Saturday, August 09, 2008

The Expulsion of Jews from Rome

Walter Wiefel's hypothesis is that Romans should be understood against the backdrop of the expulsion of the Jews from Rome in 49 CE and their return at the accession of Nero in 54 CE which significantly effected the contours of Roman Christianity in the mid-50s. I have made use of this myself in lecturing, preaching, and writing on Romans. In my mind, Romans is essentially a fund raising letter and Paul wants to outline his apostolic message, assuage reservations about his stance vis-a-vis Israel and the Torah, but he also wants to make a positive impact upon Christian groupings there in order to address a potenially fractious cosmopolitan community on the verges of being Balkanized (or Galatianized!) over matters pertaining to Torah observance. I have always wondered, however, that if the Roman expulsion was part of the ocassion of Romans then why does Paul not explicitly mention it? Is it kind of like the grandmother in the sitting room that everybody knows about but never talks about?

In an article review of Bob Jewett's Romans commentary (JSNT 31.1 [2008]: 91-94), John Barlcay questions the evidence for and relevance of the expulsion for interpreting Romans. Barclay makes a good point about how little we really know about Judaism in Rome in the 40s. Dio Cassius' account of Claudius' clamp down on synagogue meetings in 41 CE is of a piece with Claudius' general suppression of meetings in clubs and taverns and not necessarily due to intra-Jewish debates about Jesus, Messianism, and Torah. Suetonius' reference to the impulsore Chresto is not necessarily a faulty latinism of Christus. The name Chrestus was an extremely common Roman name and Suetonius knew that Christians were called Christianoi so he would be unlikely to get them confused if he knew of the Christianoi and their Christus. Furthermore, Paul makes no mention of changes in leadership or shifts from synagogues to house churches as the new meeting places for Jesus believers,which one might expect if seismic ecclesial shifts have transpired among the Roman Christian communities.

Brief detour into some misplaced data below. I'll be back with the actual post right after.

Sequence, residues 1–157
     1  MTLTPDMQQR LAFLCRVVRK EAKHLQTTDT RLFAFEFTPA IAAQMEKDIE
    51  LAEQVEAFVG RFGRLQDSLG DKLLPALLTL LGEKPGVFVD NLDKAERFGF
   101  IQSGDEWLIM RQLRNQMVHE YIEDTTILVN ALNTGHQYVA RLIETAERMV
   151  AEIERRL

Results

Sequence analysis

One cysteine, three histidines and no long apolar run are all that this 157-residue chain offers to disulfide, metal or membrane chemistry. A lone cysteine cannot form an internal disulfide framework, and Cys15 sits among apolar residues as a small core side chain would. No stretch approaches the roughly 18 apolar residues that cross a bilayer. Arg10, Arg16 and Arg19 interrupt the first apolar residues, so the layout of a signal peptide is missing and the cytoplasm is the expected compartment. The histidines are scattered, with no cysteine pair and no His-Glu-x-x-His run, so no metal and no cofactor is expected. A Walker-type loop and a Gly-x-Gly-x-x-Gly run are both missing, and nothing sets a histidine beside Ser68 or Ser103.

Even so, I'm a little more sanguine about the relevance of the expulsion for when Paul writes Romans ca. 55-56 CE. Any study of Judaism and Christianity in Rome in the first and second centuries must take into account Peter Lampe's astute study which provides more detailed evidence and hypotheses about the emergence of Christianity in Rome. Also, there is enough evidence from Tacitus, Tertullian, and textual variants to suggest that mistaking Christus for Chrestus was common place. The evidence from Acts 18.2 about Priscilla and Aquila's journey to Corinth from Rome because of the expulsion is further proof of the expulsion and also Paul's contact with Roman Christianity suffering effects of the expulsion. Like Jewett, I find Barlcay's conclusion that Priscilla and Aquila may not have been converted until after they left Rome unconvincing. Finally, Romans 14-15 looks very much like Paul using prior theological debates (i.e. 1 Corinthians 8-10) as the basis of exhortations to unity and mutual acceptance among the Roman Christians.


Richard Fellows said...

Thanks, Michael.